Take in the impressive views and explore the Pensacola Beach Eco-trail. This 8.5 miles (13.7 km) of natural surrounds, also known as ‘Footprints in the Sand Eco-trail’, is a great way to spend the day with the kids, or to get out and experience beach life. This fantastic eco-trail is great for learning all about the indigenous flora and fauna of the vicinity, not limited to but including turtles, tropical fish, dolphins, sharks, and birds.

Categories: 1698 establishments in the Spanish EmpireCounty seats in FloridaPopulated places on the Intracoastal Waterway in FloridaCities in Escambia County, FloridaPensacola, FloridaFormer colonial and territorial capitals in the United StatesPort cities and towns of the Florida Gulf coastPopulated places established in 1559Cities in FloridaCities in Pensacola metropolitan areaUniversity towns in the United States


Although the government has changed numerous times throughout Pensacola's history, one thing has remained constant: the region's natural beauty. The beaches facing the Gulf of Mexico are renowned for their white sand and emerald waves. Pensacola provides a gateway to an amazing fishery. Bays are popular with anglers, while offshore fishermen pull up grouper and snapper from the deeper Gulf waters.
Seafood restaurants crowd the waterfront, but the bustling Joe Patti’s Seafood market stands apart, under a towering neon shrimp sign. Enter by the beignet wagon, and you’ll find an enormous fish market, which is worth a visit just to gape at the sea-dwelling varieties and their sizes. The humble restaurant next door is 8Captain Joey Patti’s Seafood Restaurant. 8Captain Joey Patti's Seafood Restaurant Google Map: 610 S. C St. Website: http://captainjoeysdeli.com/ 850-434-3193 odd hours/days This low-ceilinged blue bunker has no view of the water. It has no atmosphere. Ceiling fans whirl overhead. You eat over paper place mats with plastic utensils. Start with the thick, fiery seafood gumbo but leave room for heaping platters of fried fish. Mullet — you might know it elsewhere as a bait fish — is a rich-flavored specialty. “Did y’all get coleslaw?” our server asks, sliding crisp, sweet bowls of it across the table. Everything here is fresh. Stick a fork in the fried oysters, and juice jumps out; the oysters melt in your mouth. Did the cheese grits descend from heaven? Maybe so; they are that luscious. My physiological limits vexingly got in the way of what I wanted to do here: eat it all and then some.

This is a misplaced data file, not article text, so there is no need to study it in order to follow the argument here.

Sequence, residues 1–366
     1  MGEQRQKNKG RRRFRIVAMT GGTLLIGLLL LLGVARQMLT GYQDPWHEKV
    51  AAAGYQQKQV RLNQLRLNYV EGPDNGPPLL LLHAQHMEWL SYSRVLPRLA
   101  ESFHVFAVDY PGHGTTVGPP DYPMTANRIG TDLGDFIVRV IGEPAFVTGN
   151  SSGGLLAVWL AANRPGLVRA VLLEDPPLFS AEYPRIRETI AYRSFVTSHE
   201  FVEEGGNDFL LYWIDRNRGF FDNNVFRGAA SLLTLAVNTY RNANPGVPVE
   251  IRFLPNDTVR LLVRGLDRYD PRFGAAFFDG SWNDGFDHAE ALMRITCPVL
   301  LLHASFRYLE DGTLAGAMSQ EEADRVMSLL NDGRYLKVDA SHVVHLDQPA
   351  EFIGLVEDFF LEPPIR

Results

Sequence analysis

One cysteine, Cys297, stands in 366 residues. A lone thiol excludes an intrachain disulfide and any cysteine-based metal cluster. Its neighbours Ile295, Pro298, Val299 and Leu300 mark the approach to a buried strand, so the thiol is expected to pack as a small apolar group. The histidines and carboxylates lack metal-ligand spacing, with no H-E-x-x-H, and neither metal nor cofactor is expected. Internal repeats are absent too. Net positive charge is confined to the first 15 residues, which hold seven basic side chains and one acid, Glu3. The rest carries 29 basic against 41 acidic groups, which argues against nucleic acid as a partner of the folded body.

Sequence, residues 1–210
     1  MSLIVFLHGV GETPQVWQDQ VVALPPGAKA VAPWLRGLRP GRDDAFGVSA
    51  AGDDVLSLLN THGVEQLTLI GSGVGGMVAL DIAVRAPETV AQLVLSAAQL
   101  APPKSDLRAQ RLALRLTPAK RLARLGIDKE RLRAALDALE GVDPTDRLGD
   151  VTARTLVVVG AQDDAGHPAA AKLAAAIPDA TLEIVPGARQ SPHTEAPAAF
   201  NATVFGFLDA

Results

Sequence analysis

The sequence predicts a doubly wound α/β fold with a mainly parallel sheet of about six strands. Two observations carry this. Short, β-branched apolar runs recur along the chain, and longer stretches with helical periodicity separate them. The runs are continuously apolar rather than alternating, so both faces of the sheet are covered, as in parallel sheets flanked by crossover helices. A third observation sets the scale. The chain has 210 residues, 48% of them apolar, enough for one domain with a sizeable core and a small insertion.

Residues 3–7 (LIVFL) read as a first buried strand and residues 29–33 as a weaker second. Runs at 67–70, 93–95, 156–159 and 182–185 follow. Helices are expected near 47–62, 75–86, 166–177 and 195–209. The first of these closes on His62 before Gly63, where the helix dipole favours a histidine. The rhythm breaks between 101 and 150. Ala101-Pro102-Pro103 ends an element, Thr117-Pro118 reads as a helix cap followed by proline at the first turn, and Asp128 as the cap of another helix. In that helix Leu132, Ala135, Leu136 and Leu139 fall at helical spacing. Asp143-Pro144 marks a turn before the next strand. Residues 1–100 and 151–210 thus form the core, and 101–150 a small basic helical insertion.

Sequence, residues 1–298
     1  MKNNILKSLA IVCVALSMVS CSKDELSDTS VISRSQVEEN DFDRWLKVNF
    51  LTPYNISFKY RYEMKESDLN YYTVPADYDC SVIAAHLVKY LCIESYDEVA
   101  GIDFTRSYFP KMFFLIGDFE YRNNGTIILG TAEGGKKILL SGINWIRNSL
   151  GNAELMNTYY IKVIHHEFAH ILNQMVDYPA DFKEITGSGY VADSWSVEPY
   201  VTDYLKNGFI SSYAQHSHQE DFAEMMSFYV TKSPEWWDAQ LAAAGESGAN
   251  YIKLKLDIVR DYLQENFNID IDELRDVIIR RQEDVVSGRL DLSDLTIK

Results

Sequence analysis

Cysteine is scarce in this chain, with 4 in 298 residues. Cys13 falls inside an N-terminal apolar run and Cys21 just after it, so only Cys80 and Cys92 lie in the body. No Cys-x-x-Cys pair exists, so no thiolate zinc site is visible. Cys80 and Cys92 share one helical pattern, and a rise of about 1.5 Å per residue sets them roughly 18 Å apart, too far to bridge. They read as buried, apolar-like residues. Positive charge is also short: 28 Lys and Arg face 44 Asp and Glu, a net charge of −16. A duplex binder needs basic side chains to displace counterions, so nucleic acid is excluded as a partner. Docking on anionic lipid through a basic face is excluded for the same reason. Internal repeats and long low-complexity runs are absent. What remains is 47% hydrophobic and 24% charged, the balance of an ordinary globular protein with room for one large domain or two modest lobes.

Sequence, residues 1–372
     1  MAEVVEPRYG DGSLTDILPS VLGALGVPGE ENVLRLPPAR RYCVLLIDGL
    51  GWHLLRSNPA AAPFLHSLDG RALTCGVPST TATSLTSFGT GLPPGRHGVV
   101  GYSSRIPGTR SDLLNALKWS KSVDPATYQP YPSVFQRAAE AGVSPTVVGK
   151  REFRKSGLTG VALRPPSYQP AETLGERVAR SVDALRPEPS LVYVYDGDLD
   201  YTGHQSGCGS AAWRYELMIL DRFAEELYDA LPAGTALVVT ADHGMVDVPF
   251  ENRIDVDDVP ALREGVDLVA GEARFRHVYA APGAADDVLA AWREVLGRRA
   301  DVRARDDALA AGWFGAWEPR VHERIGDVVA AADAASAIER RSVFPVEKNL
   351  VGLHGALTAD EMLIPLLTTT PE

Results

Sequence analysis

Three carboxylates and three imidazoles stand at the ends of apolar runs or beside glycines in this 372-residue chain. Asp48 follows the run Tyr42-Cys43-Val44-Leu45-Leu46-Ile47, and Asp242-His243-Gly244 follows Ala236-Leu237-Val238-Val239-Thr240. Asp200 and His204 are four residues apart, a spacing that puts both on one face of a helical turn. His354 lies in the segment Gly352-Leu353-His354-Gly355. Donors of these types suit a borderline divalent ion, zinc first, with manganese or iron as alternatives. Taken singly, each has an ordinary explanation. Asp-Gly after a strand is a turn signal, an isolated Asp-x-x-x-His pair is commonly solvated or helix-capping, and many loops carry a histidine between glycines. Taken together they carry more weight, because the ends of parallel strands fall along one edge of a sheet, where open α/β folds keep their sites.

Pensacola vacations are the perfect opportunity to stretch your wings and seek wisdom in a new place. Each town, city, or region you visit has its own lore, and Pensacola is no different. Take a leisurely stroll back in time at the Historic Pensacola Village where you can tour over 20 properties and self-guided museums. Enjoy a pristine strip of sandy serenity at the Fort Pickens Gulf Islands National Seashore—you won’t find a better place to count the clouds as they float across the vast Florida sky. Speaking of the sky, be sure to visit the National Naval Aviation Museum where you can see more than 4,000 artifacts and observe over 150 restored aircraft. You might even catch a glimpse of the world-famous Blue Angels.

Snow is rare in Pensacola, but does occasionally fall. The most recent snowfall event occurred December 9, 2017,[38] and the snow event previous to it occurred on February 12, 2010.[39] The city receives 65.27 inches (1,660 mm) of precipitation per year, with a slightly more rainy season in the summer. The rainiest month is July, with 7.40 inches (188 mm), with May being the driest month at 4.17 inches (106 mm).[33] In June 2012 over one foot (300 mm) of rain fell on Pensacola and adjacent areas, leading to widespread flooding.[40] On April 29, 2014. Pensacola was drenched by at least 20 inches of rain within a 24-hour period, causing the worst flooding in 30 years[41]

*Savings based on all vacation package bookings with Flight + Hotel on Expedia.com from January 1, 2017 to December 31, 2017, as compared to price of the same components booked separately. Savings will vary based on origin/destination, length of trip, stay dates and selected travel supplier(s). Savings not available on all packages. For Free Flight or 100% Off Flight deals, package savings is greater than or equal to the current cost of one component, when both are priced separately.